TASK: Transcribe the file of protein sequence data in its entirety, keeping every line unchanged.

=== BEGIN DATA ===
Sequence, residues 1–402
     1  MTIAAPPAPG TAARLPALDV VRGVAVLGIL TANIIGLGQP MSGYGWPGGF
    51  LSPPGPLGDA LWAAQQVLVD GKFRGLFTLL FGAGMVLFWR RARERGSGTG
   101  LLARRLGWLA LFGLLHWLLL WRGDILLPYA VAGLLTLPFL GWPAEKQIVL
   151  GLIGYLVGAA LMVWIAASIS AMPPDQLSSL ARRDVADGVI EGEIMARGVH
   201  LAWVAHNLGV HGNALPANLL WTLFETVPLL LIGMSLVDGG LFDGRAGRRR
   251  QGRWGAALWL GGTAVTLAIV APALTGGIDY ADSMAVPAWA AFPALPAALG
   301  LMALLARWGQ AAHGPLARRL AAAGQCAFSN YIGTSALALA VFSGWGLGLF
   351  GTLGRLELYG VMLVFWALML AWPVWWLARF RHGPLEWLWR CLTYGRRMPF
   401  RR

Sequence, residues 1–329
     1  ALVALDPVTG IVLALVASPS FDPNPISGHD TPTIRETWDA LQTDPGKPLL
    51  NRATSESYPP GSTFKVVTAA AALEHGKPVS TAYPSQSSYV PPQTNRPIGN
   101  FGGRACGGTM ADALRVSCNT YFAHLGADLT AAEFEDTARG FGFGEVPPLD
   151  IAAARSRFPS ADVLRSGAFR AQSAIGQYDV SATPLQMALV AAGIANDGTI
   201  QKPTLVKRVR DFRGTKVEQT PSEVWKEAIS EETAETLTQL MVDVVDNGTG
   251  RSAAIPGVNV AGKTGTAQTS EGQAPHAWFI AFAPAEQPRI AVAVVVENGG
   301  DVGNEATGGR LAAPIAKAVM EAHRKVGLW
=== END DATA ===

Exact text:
Sequence, residues 1–402
     1  MTIAAPPAPG TAARLPALDV VRGVAVLGIL TANIIGLGQP MSGYGWPGGF
    51  LSPPGPLGDA LWAAQQVLVD GKFRGLFTLL FGAGMVLFWR RARERGSGTG
   101  LLARRLGWLA LFGLLHWLLL WRGDILLPYA VAGLLTLPFL GWPAEKQIVL
   151  GLIGYLVGAA LMVWIAASIS AMPPDQLSSL ARRDVADGVI EGEIMARGVH
   201  LAWVAHNLGV HGNALPANLL WTLFETVPLL LIGMSLVDGG LFDGRAGRRR
   251  QGRWGAALWL GGTAVTLAIV APALTGGIDY ADSMAVPAWA AFPALPAALG
   301  LMALLARWGQ AAHGPLARRL AAAGQCAFSN YIGTSALALA VFSGWGLGLF
   351  GTLGRLELYG VMLVFWALML AWPVWWLARF RHGPLEWLWR CLTYGRRMPF
   401  RR

Sequence, residues 1–329
     1  ALVALDPVTG IVLALVASPS FDPNPISGHD TPTIRETWDA LQTDPGKPLL
    51  NRATSESYPP GSTFKVVTAA AALEHGKPVS TAYPSQSSYV PPQTNRPIGN
   101  FGGRACGGTM ADALRVSCNT YFAHLGADLT AAEFEDTARG FGFGEVPPLD
   151  IAAARSRFPS ADVLRSGAFR AQSAIGQYDV SATPLQMALV AAGIANDGTI
   201  QKPTLVKRVR DFRGTKVEQT PSEVWKEAIS EETAETLTQL MVDVVDNGTG
   251  RSAAIPGVNV AGKTGTAQTS EGQAPHAWFI AFAPAEQPRI AVAVVVENGG
   301  DVGNEATGGR LAAPIAKAVM EAHRKVGLW